A Good Idea
I have lost my faith. At times I even call myself an atheist. I do not believe in god and have not since just recently. My mother was a kind, strong willed, caring individual. She also had cancer. My mother became a symbol of fighting this disease because she fought off six reoccurrences in eight years. God decided she should die. If there was a God then why would he let someone who was an inspiration to so many, leave us? I just do not understand.
This movie however was able to reach that little part of me that still wonders if there is a being out there that watches us all. Writer/director Kevin Smith accomplishes this by doing away with all the religious jargon and approaches it in a whole new way in his latest comedy Dogma. This work of comedic genius follows Bethany, a Planned Parenthood employee who has lost all faith in god, on her holy crusade to save the world from being blinked out of existence in of all places, New Jersey. Smith takes a new approach to an old subject with Dogma. His ability to transform ideas into scripts and plotlines makes him one of the most brilliant and artistic writer/directors of his generation.
Smith takes the religion of Christianity and explains it in ways that seem to bring it to life. Jesus is no longer just a character in a bible story; he appears to us as man who suddenly carries the weight of the world on his back. The holy icon is given friends, personality, and even a sense of humor. Smith is able to accomplish all of this without actually presenting Jesus as a character. The main idea of this movie is presented in a scene that unfolds in a strip joint of all places. Serendipity, a muse, explains to Bethany the explicit argument of the movie:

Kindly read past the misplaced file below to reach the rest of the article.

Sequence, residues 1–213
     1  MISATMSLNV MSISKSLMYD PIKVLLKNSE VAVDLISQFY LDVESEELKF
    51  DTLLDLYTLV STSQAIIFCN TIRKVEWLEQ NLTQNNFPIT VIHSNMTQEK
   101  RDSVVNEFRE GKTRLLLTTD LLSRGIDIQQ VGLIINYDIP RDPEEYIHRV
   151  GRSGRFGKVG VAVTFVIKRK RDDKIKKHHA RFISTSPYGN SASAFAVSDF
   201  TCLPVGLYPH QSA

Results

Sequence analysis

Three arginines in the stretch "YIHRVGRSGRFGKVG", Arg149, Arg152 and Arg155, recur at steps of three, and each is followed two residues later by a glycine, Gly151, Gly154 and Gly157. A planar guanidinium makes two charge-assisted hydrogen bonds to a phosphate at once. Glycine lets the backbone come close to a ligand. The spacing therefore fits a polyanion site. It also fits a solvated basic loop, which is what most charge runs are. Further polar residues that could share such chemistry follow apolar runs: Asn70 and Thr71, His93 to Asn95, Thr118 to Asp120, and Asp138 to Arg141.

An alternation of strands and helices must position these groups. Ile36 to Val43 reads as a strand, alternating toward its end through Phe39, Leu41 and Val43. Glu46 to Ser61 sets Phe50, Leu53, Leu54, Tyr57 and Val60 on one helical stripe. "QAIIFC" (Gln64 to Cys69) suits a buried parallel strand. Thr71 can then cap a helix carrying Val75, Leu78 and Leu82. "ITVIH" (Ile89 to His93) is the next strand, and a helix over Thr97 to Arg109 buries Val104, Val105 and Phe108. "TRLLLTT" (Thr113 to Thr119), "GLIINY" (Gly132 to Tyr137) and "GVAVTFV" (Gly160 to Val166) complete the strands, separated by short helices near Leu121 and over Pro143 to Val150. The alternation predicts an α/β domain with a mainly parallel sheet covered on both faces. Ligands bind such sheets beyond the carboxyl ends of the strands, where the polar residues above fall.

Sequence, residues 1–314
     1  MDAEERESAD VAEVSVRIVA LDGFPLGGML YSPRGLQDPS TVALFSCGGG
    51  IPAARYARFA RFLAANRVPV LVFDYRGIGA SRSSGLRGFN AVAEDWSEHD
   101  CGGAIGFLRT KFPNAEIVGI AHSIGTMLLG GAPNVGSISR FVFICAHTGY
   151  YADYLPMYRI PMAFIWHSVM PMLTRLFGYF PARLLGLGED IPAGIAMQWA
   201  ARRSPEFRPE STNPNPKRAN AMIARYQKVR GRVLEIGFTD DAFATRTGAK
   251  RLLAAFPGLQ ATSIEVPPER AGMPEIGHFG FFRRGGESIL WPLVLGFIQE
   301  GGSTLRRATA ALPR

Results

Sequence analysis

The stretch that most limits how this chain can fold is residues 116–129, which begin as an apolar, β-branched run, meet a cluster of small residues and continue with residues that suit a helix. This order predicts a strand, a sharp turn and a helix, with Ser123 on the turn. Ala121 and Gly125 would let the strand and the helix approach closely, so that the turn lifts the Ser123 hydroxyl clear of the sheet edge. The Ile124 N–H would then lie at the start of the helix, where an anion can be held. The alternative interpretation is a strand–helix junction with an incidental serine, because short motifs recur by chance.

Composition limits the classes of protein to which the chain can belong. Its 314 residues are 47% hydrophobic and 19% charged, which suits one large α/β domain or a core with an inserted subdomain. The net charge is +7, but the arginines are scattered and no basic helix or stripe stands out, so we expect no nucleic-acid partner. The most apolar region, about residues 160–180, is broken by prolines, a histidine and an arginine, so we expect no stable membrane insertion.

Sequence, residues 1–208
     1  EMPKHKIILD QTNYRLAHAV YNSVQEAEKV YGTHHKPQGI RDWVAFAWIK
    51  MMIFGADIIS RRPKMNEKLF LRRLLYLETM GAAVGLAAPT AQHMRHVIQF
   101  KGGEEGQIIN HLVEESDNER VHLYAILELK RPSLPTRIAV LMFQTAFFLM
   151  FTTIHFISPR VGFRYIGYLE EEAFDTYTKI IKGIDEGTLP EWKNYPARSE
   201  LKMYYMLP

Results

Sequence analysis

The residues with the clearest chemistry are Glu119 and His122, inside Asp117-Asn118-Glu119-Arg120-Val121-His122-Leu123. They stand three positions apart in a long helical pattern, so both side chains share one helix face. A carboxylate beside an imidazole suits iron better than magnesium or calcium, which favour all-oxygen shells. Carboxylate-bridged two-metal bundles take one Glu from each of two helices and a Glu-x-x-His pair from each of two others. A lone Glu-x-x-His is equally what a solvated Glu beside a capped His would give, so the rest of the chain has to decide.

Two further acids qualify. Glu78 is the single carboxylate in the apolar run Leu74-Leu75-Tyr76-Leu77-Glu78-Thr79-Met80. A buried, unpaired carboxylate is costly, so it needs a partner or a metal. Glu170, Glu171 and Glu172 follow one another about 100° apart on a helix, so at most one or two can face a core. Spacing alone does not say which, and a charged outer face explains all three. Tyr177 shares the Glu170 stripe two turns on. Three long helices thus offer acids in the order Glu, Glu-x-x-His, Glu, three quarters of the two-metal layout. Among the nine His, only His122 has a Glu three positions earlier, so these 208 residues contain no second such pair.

I have issues with anyone that treats God like a burden instead of a blessing like some Catholics. You people dont celebrate your faith, your morn it. It's not about who's right or wrong. No denomination's nailed it yet, because they're all too self-righteous to realize that it doesn't matter what you faith in, just that you have faith. Your hearts are in the right place, but your brains gotta wake up.
This statement encompasses everything Smith wanted to say. I happen to agree with him.
Smith has written three other movies, all aimed at teens and the graduates of Generation X. This movie however, he aimed at anyone who ever had a second thought about religion. He clearly states that this movie is not just about the catholic religion, but all religions. During the release of this movie there were several protests, hate letters, and threats sent to Disney, Miramax, and even Smith himself. All of these came from religious fanatics scorning Smith and the companies for being heretics and poking fun at the catholic religion, however most of these were received before the movie was even released. What these people did not understand is that Smith was not insulting the religion, he was inspired by it. Many of the jokes and situations came right from the bible itself. People assumed when they saw pre-scripts that this movie made a mockery of Catholics and tarnished Gods name just to make a buck.
After the movie was released the first group of people to walk through the ticket booths were these same nay Sayers. My question is if they scorned Smith so much, why would they help fill his wallet? People need to learn that if they do not like something that does not mean the whole world follows their idea. If they do not like a movie or book, dont see it. Trying to ban something just because of content is not only in violation of the Bill of Rights but its also morally wrong. If we did ban works because of content the first to go would be the Bible. That book has more discrimination, violence, and distasteful material then any R rated movie out today.
I believe that Smith wrote a movie that will stand out for generations to come. His ideas and values are so explicit that the only people who missed it ironically enough, were those whose faith it was written about. I still wonder if there is a God. No longer do I believe, but I feel I still have faith.
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